For sophomore Carolyn Chen, FOCUS made the transition from high school to college less stressful. Living in a dorm with fellow FOCUS students helped her develop peer connections much faster, and her seminar classes in the Cognitive Neuroscience and Law cluster provided a view beyond her textbook.

“From the beginning, FOCUS created these tighter academic communities that made me more confident and comfortable coming to such an academically rigorous university,” she shares. “Because of my small classes, I had direct connections with my professors, which resulted in really engaging conversations and mentorships.”

As the undergraduate’s journey through Duke continues, she’s still discovering unexpected bonuses from her time in the program. Chen learned to build effective college study habits that she still maintains, as well as a healthy schedule balancing studying, eating, personal time and even sleeping. Learning in small groups, rather than cavernous lecture halls, also forced her to commit to her FOCUS courses.

“I found that I stayed on top of my work and really held myself accountable in the program,” she says. “It’s easy to fall through the cracks and disappear in a large lecture hall — not so much in a small group.”

While FOCUS helps students acclimate to their first year at Duke, it can also serve as a litmus test to help them decide whether to pursue a course of study that might have looked “college-y” in the high school guidance office but isn’t the direction they want to take at Duke.   

“Students come to Duke with a very specific trajectory in mind and tend to have already decided their entire lives,” Andrews shares. “One of the things FOCUS does is to show students that maybe the world they encountered in high school doesn’t look like the one that’s coming.”

Options & Opportunities

Graduating from Duke with a B.A. in English, Camey VanSant, senior assistant director of Undergraduate Admissions, credits the English course in her FOCUS cluster, Visions of Freedom (not offered in 2024), for changing her academic trajectory.

“I came to Duke originally thinking of pursuing Public Policy or Political Science, and the cluster I selected was the obvious choice for those potential majors,” she explains. “At the time, if I had to write a list of the top five majors that I thought I’d end up in, English would not have made the cut.”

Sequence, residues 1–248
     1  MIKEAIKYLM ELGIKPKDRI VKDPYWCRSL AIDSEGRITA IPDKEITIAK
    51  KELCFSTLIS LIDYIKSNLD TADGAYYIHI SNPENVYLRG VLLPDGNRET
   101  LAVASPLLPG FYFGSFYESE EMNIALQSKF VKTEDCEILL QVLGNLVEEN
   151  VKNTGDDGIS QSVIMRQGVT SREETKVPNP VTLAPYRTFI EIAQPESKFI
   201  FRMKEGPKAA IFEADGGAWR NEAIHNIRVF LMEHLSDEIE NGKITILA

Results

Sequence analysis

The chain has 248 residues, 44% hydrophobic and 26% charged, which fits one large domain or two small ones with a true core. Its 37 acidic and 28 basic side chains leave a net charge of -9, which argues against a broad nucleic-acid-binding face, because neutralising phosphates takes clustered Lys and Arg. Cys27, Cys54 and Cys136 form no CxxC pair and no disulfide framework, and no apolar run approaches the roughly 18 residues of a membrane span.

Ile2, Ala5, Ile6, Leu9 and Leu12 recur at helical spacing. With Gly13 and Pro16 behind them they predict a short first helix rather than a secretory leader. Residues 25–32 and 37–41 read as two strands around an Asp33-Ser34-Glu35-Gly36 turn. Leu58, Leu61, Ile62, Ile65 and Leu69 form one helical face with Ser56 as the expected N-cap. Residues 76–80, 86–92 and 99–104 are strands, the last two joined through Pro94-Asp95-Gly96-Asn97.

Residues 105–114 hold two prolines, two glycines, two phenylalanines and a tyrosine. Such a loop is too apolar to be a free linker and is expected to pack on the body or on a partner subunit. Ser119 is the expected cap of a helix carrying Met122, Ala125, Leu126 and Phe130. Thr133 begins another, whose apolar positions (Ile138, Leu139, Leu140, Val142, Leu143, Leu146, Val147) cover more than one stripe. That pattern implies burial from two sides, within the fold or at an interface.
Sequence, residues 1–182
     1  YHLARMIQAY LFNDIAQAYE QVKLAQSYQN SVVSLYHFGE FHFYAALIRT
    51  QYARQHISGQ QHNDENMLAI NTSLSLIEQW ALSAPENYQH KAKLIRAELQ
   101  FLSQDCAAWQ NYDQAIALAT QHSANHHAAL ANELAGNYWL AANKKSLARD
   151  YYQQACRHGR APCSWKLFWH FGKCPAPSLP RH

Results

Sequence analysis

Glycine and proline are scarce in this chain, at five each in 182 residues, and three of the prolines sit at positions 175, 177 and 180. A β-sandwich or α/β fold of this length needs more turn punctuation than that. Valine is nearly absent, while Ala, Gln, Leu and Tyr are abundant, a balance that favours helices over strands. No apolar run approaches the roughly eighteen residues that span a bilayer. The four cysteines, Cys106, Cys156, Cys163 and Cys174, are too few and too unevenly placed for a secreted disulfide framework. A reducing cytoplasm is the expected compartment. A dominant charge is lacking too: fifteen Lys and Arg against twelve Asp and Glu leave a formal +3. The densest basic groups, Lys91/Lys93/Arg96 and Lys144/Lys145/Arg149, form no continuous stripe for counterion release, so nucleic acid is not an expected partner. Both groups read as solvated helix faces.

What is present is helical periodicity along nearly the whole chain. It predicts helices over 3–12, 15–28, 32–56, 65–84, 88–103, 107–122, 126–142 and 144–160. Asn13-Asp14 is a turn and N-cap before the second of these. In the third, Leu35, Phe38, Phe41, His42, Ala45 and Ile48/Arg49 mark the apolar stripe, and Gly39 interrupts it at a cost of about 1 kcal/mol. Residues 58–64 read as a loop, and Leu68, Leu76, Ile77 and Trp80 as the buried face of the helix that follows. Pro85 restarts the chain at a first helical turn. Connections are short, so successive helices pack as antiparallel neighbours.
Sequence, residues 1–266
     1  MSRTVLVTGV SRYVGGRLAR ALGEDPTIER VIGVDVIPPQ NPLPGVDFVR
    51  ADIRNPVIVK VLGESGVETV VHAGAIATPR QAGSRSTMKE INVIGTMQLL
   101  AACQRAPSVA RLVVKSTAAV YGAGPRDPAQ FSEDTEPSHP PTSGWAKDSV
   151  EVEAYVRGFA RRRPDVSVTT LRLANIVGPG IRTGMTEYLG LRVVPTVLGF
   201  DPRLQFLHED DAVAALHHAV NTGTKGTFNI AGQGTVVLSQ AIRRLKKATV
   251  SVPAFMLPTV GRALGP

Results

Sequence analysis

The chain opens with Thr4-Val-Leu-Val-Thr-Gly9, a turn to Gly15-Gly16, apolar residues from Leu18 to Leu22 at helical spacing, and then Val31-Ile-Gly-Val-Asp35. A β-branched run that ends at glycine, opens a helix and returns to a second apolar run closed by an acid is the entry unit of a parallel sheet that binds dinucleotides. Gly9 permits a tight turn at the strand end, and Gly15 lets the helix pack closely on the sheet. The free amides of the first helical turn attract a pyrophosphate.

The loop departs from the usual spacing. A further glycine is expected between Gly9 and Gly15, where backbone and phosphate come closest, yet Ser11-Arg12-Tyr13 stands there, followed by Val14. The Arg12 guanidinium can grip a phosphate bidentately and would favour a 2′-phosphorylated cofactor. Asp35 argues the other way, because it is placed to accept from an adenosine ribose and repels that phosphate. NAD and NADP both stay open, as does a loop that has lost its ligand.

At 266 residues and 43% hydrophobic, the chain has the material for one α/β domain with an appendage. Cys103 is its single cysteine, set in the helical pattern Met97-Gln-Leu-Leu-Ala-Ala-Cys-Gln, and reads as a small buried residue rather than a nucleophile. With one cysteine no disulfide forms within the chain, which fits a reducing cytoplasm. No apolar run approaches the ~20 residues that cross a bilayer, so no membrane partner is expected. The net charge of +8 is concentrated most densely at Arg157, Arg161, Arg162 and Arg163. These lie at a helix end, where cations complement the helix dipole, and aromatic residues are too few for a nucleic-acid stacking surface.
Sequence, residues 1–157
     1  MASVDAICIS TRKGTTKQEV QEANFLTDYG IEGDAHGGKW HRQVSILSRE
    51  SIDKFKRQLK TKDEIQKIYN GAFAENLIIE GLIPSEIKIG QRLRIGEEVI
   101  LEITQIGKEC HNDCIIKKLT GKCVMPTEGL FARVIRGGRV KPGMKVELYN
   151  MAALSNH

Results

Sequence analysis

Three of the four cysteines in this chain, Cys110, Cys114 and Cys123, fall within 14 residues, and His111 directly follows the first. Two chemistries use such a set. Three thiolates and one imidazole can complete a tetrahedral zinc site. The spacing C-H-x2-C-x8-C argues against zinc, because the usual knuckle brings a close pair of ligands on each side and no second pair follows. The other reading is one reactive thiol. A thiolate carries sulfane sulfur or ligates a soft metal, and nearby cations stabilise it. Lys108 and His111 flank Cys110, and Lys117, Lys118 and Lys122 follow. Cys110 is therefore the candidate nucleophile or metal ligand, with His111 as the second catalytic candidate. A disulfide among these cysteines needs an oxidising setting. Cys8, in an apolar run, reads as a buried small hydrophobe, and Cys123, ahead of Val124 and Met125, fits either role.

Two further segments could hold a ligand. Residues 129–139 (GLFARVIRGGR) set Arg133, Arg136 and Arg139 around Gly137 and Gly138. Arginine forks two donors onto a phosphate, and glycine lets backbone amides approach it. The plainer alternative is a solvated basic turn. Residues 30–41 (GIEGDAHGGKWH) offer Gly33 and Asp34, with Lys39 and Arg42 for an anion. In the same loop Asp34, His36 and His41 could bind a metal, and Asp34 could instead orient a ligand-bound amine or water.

Dolphin Center
The Cognitive Neuroscience and Law cluster, including Jaeden Toy (second from right), at the Dolphin Research Center in Marathon, Florida. (Photo courtesy FOCUS Program)

A strong advocate for FOCUS, VanSant understands the importance of the program’s interdisciplinary model that encourages students to see how scholars in different fields approach a particular theme, while challenging some of the beliefs they brought with them to campus.

“Students are at Duke to earn a degree and prepare for careers, but college is also about learning to think and write in different ways that will help make sense of the world,” she says. “Because FOCUS invites students to engage with a question from different perspectives, our first-year students start on a track of deeply thinking about themes and how people with different approaches can illuminate those themes.”

FOCUS can help students realize, as VanSant did, that a different course of study could be a better fit — and that’s okay. The program can also confirm a student’s initial academic path of interest, serving as an entryway into their research, peer groups and faculty mentors.

For junior Jaeden Toy, his FOCUS cluster introduced him to peers on a different career path. So how did the Computer Science and Russian double major fit in with his medicine- and law-focused cluster?

“It was actually informative to be surrounded by pre-med and pre-law students sharing stories about their non-FOCUS courses,” he admits. “The academic and intellectual aspects of FOCUS extended beyond my interests, and the built-in community really helped me to acclimate and adjust during my first semester at Duke.

students in FOCUS program
Students build community within their clusters. (Photo courtesy FOCUS Program)

“Being in the FOCUS program opens your mind to different ways of thinking — and opens doors to so many student groups, new majors and friends.”

It Takes a Village

Although Andrews, Lowry and Stratton are clearly the three-person engine driving FOCUS, they are always quick to credit the faculty for the program’s success. Each year brings over 60 faculty to the program, and faculty-driven proposals for new clusters are regularly generated based on their enthusiasm and intellectual pursuits.

“The faculty who participate have an absolute passion for the subjects they teach and a dedication to providing our students with the absolute best in a liberal arts education,” Andrews explains. “No one teaches a FOCUS cluster because someone made them.” 

1. Howard Gardner, The Real World of College: What Higher Education Is and What It Can Be (The MIT Press, 2023), 262; 357.